Wednesday, 26 September 2007

Anglican Communion remains divided on gay issues

Talks between Episcopal Church bishops in the United States and top-ranking representatives of the rest of the worldwide Anglican Communion ended with few signs that the bishops would change the U.S. church's liberal stance on homosexuality.

At the top of the agenda of the U.S. bishops' semiannual meeting here was a directive from the communion's primates asking the U.S. church to stop consecrating openly gay and lesbian bishops and to ban the blessing of same-sex unions, or risk a diminished status in the communion, the world's third-largest Christian denomination.

At a news conference Friday, the communion's spiritual leader, the Most Reverend Rowan Williams, archbishop of Canterbury, emphasized that the directive was not an ultimatum to the U.S. church. Anglican leaders, including Williams, met with the U.S. bishops on Thursday and Friday.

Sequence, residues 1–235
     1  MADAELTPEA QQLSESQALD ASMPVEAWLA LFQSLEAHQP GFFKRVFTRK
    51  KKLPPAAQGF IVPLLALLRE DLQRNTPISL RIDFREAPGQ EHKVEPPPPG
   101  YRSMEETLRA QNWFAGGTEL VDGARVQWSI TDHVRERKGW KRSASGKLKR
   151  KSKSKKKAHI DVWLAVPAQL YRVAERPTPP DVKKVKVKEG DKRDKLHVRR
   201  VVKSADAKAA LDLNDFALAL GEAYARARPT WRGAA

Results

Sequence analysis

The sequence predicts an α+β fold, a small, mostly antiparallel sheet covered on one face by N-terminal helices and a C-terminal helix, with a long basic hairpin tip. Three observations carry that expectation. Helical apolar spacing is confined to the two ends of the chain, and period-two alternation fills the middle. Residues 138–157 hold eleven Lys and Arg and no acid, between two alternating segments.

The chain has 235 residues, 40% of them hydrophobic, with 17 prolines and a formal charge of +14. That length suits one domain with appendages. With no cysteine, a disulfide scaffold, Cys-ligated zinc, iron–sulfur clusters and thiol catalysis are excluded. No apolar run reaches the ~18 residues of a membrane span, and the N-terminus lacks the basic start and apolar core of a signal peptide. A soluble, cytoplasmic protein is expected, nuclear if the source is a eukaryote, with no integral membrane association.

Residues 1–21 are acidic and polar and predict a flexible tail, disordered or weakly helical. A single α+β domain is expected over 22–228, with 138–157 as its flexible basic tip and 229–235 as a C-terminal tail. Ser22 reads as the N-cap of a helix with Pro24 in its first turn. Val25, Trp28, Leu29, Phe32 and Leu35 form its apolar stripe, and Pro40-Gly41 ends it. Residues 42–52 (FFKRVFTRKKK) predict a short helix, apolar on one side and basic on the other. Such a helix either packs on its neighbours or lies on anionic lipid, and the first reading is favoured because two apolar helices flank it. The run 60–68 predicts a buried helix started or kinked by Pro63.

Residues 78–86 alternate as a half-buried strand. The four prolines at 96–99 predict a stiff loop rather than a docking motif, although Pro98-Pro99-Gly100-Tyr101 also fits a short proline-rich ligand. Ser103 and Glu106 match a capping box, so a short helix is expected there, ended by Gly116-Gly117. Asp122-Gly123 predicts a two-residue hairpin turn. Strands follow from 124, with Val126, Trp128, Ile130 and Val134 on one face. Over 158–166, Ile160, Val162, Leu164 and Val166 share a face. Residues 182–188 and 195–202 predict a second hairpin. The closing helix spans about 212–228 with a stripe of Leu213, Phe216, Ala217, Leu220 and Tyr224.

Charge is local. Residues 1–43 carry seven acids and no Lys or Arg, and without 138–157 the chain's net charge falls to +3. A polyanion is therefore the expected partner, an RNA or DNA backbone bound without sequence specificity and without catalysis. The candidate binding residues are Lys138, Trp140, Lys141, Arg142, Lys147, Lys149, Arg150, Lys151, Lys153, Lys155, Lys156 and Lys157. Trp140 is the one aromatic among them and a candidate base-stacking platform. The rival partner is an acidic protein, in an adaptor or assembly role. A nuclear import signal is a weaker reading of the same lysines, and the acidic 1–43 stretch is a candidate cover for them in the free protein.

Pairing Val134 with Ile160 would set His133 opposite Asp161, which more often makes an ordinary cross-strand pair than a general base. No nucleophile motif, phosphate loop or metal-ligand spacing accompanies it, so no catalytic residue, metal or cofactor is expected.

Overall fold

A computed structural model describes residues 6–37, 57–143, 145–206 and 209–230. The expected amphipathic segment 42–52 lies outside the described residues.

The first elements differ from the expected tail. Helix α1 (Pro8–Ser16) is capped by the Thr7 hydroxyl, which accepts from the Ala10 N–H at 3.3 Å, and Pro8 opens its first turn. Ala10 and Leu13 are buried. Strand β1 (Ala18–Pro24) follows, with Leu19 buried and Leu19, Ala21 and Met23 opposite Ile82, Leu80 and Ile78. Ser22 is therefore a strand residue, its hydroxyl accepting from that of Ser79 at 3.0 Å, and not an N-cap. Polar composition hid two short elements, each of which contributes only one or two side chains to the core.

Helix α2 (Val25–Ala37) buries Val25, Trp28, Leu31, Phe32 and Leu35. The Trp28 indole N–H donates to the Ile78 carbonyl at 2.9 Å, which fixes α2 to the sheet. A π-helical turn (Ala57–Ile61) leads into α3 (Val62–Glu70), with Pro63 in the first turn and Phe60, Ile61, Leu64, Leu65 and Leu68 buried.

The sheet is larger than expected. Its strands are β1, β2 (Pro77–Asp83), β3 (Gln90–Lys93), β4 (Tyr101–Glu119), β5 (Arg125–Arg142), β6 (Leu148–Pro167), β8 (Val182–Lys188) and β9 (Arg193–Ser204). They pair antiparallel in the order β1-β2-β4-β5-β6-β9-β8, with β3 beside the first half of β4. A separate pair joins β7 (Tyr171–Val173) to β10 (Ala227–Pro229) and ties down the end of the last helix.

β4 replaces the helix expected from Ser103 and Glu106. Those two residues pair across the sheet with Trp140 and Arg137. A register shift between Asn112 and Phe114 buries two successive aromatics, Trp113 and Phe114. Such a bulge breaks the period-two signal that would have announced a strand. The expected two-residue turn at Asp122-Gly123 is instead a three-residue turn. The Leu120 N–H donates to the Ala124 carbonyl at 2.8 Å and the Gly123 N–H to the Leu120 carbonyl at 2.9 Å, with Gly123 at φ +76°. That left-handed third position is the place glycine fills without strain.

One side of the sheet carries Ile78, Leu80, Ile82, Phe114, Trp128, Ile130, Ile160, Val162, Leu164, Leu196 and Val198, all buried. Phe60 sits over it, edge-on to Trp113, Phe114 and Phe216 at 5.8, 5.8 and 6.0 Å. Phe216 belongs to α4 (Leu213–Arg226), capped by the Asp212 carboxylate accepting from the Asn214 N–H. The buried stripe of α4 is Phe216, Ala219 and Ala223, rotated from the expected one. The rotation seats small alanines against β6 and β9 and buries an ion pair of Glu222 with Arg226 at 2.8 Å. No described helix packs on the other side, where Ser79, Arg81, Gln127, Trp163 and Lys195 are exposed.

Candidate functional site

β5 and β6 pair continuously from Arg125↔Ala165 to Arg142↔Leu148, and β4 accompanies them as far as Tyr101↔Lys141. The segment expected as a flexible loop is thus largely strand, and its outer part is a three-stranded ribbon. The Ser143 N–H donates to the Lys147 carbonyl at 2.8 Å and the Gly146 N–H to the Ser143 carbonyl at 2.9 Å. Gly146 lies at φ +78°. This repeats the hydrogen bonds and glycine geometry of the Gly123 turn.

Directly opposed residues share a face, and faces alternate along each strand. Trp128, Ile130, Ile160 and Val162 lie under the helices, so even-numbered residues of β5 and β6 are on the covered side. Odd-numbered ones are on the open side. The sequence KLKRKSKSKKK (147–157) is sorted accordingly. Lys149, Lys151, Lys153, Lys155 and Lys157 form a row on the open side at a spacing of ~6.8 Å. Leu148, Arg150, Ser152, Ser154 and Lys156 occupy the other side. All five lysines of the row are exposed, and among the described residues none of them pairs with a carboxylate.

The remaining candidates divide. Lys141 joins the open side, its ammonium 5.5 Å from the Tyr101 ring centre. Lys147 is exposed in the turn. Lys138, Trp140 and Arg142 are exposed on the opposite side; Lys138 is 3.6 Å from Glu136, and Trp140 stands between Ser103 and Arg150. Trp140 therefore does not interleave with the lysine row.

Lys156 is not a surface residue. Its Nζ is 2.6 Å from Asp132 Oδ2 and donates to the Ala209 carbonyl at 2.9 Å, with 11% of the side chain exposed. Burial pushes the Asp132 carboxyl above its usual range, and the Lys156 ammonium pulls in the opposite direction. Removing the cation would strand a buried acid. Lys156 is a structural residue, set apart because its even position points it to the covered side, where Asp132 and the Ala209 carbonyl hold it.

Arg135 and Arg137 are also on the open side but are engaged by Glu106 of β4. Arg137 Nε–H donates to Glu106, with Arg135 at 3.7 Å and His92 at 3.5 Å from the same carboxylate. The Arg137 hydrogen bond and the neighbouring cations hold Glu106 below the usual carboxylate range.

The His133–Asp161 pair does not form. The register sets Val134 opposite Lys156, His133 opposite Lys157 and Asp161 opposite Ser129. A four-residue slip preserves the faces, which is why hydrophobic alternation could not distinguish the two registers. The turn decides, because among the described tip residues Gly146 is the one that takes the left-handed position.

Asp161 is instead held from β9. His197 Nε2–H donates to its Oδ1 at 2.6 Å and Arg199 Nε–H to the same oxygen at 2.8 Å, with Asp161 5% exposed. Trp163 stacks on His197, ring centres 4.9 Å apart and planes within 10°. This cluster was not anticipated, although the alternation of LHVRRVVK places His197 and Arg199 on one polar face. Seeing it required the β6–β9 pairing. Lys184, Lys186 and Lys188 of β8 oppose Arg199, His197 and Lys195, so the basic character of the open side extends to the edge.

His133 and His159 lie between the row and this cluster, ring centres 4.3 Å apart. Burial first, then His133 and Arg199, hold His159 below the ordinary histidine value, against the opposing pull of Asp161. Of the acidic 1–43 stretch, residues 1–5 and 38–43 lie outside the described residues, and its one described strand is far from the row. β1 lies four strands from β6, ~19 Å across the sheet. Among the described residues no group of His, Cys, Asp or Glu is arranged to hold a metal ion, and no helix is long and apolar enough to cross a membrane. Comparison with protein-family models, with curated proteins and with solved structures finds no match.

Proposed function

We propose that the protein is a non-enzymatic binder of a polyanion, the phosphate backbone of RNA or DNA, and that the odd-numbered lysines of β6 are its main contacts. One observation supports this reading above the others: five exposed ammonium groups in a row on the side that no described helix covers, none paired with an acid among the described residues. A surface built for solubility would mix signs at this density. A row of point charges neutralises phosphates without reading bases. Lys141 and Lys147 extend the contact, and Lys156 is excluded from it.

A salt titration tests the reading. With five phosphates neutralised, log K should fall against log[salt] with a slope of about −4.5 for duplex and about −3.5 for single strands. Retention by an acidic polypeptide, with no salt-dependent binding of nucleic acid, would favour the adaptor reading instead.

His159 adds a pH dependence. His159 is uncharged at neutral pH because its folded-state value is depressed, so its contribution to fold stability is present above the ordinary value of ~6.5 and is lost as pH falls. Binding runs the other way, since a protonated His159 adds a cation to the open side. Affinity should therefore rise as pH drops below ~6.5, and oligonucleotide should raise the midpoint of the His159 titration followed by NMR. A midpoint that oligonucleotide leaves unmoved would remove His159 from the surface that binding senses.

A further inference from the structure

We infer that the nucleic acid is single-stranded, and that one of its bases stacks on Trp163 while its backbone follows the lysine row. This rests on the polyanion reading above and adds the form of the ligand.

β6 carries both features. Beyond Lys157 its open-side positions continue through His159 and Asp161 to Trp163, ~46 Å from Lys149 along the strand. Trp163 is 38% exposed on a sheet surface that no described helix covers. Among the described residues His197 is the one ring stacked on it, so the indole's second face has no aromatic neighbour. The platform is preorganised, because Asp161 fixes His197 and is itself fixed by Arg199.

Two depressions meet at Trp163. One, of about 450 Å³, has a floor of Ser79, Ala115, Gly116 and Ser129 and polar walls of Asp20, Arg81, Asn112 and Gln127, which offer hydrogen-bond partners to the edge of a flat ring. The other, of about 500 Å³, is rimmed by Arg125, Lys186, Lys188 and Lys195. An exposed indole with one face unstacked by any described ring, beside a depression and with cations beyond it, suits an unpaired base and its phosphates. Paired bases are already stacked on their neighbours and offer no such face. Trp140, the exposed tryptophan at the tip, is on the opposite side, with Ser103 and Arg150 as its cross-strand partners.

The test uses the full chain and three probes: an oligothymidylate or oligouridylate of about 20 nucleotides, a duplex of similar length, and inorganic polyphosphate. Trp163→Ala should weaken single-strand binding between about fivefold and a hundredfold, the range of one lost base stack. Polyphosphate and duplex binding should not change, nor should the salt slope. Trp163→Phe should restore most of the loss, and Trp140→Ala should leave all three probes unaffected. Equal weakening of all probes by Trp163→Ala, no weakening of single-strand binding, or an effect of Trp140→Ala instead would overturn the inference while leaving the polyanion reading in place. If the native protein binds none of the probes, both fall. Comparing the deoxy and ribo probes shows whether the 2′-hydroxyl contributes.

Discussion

"Some primates would give it a more robust interpretation, some less so," Williams said of the directive. "But it is inevitably a matter of compromise."

The bishops conclude their meeting Tuesday, when an official response to the directive is expected. But several bishops with a range of views on homosexuality said they did not expect the House of Bishops to endorse the directive. In such an event, those who disagree with the Episcopal Church have said they might break with the church or with the wider communion. Read more
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